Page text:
Five protesters arrested during demonstrations against ex-Prime Minister Yulia Tymoshenko's Oct. 11 conviction remained in jail on Wednesday, according to Volodymyr Polishchuk, a spokesman for Kyiv police. Polischuk said two others were released but ordered to appear in court on charges of hooliganism, punishable by a fine or 15 days in imprisonment.
Such was the aftermath of the scuffles that broke out and arrests after a judge convicted Tymoshenko on Tuesday and sentenced her to seven years in prison. At least three people were injured, including one protester who suffered broken ribs and a Berkut police officer who suffered a broken nose in the scuffles. Tymoshenko was taken away to prison about 1 p.m on Tuesday, as more than 1,000 riot control were brought in to control hundreds of angry Tymoshenko supporters who attempted unsuccessfully to prevent authorities from taking her away.
Tymoshenko supporters were repelled after they attempted to push a police bus. Her fans shouted "Yulia, we’ll take you out!" and "We won’t give Yulia to them." Others shouted: "Tymoshenko didn’t get seven years in prison, Ukraine did." Her fans also called on the European Court of Human Rights to "free Tymoshenko and jail those who judged her."
Meanwhile, a crowd of anti-Tymosheno demonstrators played the national anthem and blared a pre-recorded harangue of Tymoshenko by Oleh Kalashnikov, a pro-presidential member of parliament — part of the PR war that’s been waged outside the Khreshchatyk Street courtroom since the trial started. Loud music was also blaring, creating what one reporter on the scene called a "madhouse" atmosphere. Activists in both camps spoke with loudspeakers.
But the protesters were clearly outnumbered and overwhelmed by the strong police presence. Officers of the Berkut special operations unit formed a long line along Khreschatyk Street and Bohdan Khmelnytsky Street outside of the Central Department Store in downtown Kyiv and were pushing supporters of Tymoshenko from the road. More than 35 buses filled with police were brought in for the event.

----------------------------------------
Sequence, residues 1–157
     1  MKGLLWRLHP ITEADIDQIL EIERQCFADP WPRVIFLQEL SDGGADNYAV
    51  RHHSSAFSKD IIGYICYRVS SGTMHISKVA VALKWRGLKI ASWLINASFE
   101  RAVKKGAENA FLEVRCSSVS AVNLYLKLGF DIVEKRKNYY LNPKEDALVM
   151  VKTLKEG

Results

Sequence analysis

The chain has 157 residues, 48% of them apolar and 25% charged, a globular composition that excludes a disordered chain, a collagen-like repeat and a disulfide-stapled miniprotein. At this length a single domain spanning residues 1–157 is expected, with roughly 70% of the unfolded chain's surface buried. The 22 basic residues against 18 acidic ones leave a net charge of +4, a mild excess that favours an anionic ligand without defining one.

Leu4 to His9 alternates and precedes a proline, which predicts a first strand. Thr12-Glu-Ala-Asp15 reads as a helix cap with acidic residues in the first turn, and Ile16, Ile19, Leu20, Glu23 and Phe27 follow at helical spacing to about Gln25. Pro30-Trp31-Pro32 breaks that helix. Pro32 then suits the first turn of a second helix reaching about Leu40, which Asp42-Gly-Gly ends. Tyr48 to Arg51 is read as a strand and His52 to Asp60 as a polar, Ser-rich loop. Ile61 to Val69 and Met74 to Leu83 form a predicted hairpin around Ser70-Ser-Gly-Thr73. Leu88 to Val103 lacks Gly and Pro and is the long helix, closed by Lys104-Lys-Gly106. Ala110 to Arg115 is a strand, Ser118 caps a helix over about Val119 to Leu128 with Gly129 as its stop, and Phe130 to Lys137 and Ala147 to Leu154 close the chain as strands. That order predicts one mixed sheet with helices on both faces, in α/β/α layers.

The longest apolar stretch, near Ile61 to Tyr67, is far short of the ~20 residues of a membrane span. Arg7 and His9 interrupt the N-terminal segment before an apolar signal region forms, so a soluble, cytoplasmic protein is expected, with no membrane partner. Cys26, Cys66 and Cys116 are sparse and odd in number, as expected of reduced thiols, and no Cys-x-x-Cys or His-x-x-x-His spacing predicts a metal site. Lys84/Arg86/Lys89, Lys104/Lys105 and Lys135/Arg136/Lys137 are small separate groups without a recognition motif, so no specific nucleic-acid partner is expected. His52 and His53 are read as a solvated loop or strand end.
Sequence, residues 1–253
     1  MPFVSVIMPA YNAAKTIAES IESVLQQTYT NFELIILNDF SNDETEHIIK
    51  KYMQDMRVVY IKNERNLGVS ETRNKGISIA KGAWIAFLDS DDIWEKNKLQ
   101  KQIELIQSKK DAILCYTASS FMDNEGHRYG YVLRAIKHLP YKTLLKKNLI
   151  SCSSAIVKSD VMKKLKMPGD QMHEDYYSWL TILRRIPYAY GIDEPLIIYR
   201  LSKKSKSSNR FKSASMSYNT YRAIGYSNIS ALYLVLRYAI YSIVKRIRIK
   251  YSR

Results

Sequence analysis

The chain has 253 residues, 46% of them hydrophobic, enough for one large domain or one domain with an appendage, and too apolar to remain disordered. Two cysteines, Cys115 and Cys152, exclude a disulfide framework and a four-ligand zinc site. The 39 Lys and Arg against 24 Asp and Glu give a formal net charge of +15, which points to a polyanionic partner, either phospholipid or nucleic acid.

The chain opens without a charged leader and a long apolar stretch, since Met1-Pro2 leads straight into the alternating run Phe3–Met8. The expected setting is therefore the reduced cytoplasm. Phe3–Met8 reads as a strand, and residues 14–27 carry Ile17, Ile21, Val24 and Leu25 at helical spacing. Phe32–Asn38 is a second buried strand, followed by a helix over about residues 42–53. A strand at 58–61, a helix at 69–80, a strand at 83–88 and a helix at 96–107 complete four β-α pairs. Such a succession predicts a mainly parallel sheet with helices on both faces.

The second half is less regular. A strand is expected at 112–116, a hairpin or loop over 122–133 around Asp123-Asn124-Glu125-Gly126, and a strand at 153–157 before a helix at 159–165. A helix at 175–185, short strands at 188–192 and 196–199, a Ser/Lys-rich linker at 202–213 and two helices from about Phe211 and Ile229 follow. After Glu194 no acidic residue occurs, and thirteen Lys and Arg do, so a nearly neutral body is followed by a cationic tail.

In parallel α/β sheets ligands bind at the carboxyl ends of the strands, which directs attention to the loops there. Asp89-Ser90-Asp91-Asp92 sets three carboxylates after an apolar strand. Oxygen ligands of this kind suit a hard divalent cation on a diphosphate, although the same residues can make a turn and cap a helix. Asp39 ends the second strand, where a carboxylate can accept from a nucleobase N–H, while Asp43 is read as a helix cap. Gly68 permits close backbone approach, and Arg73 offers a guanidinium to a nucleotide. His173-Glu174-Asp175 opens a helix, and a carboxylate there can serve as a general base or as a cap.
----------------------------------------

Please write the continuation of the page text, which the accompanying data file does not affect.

The judge read a summary of the case and his findings for four hours, before ending at 1:10 p.m., with Tymoshenko shouting defiance before she was removed by police.
Tymoshenko is convicted of abusing her authority in a 2009 deal with Russian Prime Minister Vladimir Putin that ended a three-week shutoff that threatened supplies to Europe.
One eyewitness reported that five activists of Femen, the women’s rights group that engages in topless protests on social issues, climbed the six-meter high sign on the Central Department Store to protest against politics, with signs that said: "Yu and Ya = same shit." "Yu" stands for Yulia Tymoshenko and "Ya" stands for Viktor Yanukovych. Berkut police went to the department store entrance, which is not far from the court hearing on the same street, and arrested the Femen activists and took them away.
The same eyewitness also reported that Tymosheno’s supporters read poems as police officers blocked them in, leaving them only one way to exit, raising concerns about physical safety of the demonstrators.
The protests and confrontations started dissipating about 1:30 p.m., although a strong crowd of Tymoshenko supporters remained. It is not clear whether they will continue their encampment on Khreshchatyk Street, as they have every day since Tymoshenko’s Aug. 5 arrest.